Arivee Vargas

1. What motivated you to apply for the Romero Scholarship?

Since my freshman year, I've attended the Romero Scholarship Ceremony as a member of OLAA and have watched other Latino student activists, whom I look up to, receive this amazing honor. Not only was I consistently inspired by these students, but I also felt a connection with Romero and his service. Knowing this impact on me, peer mentors encouraged me to apply.

2. What was the most memorable question from the interview and how did you respond?

The first interview question asked what I found to be the greatest struggle during my time serving the Latino Community. Although I tried to collect myself and remain calm, tears came to my eyes. I got emotional because this struggle consumes how I live everyday. I explained that I want to play a role in social change, but it is discouraging to often hear that social change is not possible. I will never think that society should just be accepted with all of its injustice. It is especially hurtful when Latinos display apathy towards the problems in our communities instead of becoming agents of social change. I didn't know I would get so emotional during the interview, but this first question proved me wrong, completely.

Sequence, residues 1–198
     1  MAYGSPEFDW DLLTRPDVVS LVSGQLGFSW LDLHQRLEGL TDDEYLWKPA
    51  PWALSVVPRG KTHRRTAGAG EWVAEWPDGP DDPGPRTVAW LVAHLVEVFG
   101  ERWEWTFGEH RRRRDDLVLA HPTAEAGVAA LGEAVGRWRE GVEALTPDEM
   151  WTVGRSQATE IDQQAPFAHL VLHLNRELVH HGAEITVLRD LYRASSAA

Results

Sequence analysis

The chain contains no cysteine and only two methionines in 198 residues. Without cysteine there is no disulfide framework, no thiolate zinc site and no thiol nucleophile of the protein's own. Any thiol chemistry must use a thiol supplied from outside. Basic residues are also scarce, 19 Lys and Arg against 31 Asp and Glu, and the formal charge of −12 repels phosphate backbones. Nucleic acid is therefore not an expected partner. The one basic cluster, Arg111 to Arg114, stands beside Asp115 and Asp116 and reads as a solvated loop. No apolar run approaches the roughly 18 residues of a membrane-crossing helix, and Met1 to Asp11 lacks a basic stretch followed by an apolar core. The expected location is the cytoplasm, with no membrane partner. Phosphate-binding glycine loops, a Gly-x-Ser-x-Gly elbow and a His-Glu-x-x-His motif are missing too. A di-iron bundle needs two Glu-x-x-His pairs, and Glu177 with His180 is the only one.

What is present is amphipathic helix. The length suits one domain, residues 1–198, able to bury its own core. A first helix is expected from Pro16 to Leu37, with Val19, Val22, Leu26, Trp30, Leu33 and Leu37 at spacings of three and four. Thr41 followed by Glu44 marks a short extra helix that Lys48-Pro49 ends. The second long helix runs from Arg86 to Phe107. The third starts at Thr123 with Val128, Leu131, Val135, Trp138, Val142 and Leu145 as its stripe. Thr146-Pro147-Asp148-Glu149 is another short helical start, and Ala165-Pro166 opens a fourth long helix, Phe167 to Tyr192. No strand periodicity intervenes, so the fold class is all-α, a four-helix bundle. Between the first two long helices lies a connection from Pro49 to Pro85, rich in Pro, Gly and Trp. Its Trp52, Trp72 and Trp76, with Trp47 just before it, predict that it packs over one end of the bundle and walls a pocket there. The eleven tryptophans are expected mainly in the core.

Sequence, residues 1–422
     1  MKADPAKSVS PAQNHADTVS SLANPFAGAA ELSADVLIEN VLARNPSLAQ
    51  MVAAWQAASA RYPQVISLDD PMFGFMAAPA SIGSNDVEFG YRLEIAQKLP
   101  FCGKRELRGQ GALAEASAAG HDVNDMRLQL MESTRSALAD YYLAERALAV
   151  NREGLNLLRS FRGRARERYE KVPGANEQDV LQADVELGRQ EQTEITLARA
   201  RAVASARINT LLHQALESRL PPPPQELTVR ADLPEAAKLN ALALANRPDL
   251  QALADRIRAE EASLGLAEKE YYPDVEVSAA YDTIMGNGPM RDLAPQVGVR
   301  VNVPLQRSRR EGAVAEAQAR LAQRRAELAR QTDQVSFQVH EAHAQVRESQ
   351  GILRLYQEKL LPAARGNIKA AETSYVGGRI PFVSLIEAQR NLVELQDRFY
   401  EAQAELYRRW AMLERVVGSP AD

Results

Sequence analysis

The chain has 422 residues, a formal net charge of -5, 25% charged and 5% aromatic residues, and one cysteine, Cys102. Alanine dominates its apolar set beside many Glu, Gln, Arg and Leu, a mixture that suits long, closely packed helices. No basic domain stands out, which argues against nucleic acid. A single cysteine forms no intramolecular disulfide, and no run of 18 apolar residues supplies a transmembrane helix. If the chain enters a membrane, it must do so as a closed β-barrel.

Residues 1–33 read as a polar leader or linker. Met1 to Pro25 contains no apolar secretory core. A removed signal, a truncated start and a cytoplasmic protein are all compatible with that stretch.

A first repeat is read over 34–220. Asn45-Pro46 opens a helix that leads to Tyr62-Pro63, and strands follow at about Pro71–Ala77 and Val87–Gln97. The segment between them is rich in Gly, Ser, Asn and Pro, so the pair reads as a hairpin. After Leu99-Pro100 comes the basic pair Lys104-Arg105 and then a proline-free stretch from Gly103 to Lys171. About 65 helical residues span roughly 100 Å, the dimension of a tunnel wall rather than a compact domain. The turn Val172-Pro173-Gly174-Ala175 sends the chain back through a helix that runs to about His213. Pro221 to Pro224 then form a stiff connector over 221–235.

3. How did you feel when you heard your name called as the award winner?

I was extremely overwhelmed and shocked, because I just could not believe it. It is such an incredible honor. It still hasn't set in.

4. What do you feel is your biggest responsibility as the Romero Scholarship recipient of 2004?

Now more than ever, I feel a responsibility to advocate for the Latino community. It is difficult to articulate exactly how I feel, but I know I must continue to be pro-active in ending social injustice far beyond my college years. Like Romero, I have to keep standing up for the disenfranchised and give them a voice. It is a duty, a calling."

5. What would you say to students who are thinking of applying next year?

The application process itself allows you time for reflection. It is an intense process, but one that opens you up to uncovering the core of who you are as a human being and a child of God. I encourage Latinos to apply and be open to this process of reflection!